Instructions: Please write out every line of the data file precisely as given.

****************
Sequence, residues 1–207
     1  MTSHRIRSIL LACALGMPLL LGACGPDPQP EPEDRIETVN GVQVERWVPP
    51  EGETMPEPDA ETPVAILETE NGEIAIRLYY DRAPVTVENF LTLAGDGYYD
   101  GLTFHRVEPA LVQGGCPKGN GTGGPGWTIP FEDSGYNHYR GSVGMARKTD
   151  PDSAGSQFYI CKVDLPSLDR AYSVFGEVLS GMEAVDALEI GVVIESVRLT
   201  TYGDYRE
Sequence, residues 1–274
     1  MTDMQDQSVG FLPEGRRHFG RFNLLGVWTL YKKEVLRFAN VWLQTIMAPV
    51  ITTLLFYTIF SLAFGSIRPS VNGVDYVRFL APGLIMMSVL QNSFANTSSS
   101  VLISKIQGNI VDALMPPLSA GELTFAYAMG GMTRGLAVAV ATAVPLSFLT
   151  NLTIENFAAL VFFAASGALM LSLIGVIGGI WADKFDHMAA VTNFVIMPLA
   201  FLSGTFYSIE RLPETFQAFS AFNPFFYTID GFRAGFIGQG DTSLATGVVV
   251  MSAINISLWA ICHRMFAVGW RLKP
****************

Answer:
Sequence, residues 1–207
     1  MTSHRIRSIL LACALGMPLL LGACGPDPQP EPEDRIETVN GVQVERWVPP
    51  EGETMPEPDA ETPVAILETE NGEIAIRLYY DRAPVTVENF LTLAGDGYYD
   101  GLTFHRVEPA LVQGGCPKGN GTGGPGWTIP FEDSGYNHYR GSVGMARKTD
   151  PDSAGSQFYI CKVDLPSLDR AYSVFGEVLS GMEAVDALEI GVVIESVRLT
   201  TYGDYRE
Sequence, residues 1–274
     1  MTDMQDQSVG FLPEGRRHFG RFNLLGVWTL YKKEVLRFAN VWLQTIMAPV
    51  ITTLLFYTIF SLAFGSIRPS VNGVDYVRFL APGLIMMSVL QNSFANTSSS
   101  VLISKIQGNI VDALMPPLSA GELTFAYAMG GMTRGLAVAV ATAVPLSFLT
   151  NLTIENFAAL VFFAASGALM LSLIGVIGGI WADKFDHMAA VTNFVIMPLA
   201  FLSGTFYSIE RLPETFQAFS AFNPFFYTID GFRAGFIGQG DTSLATGVVV
   251  MSAINISLWA ICHRMFAVGW RLKP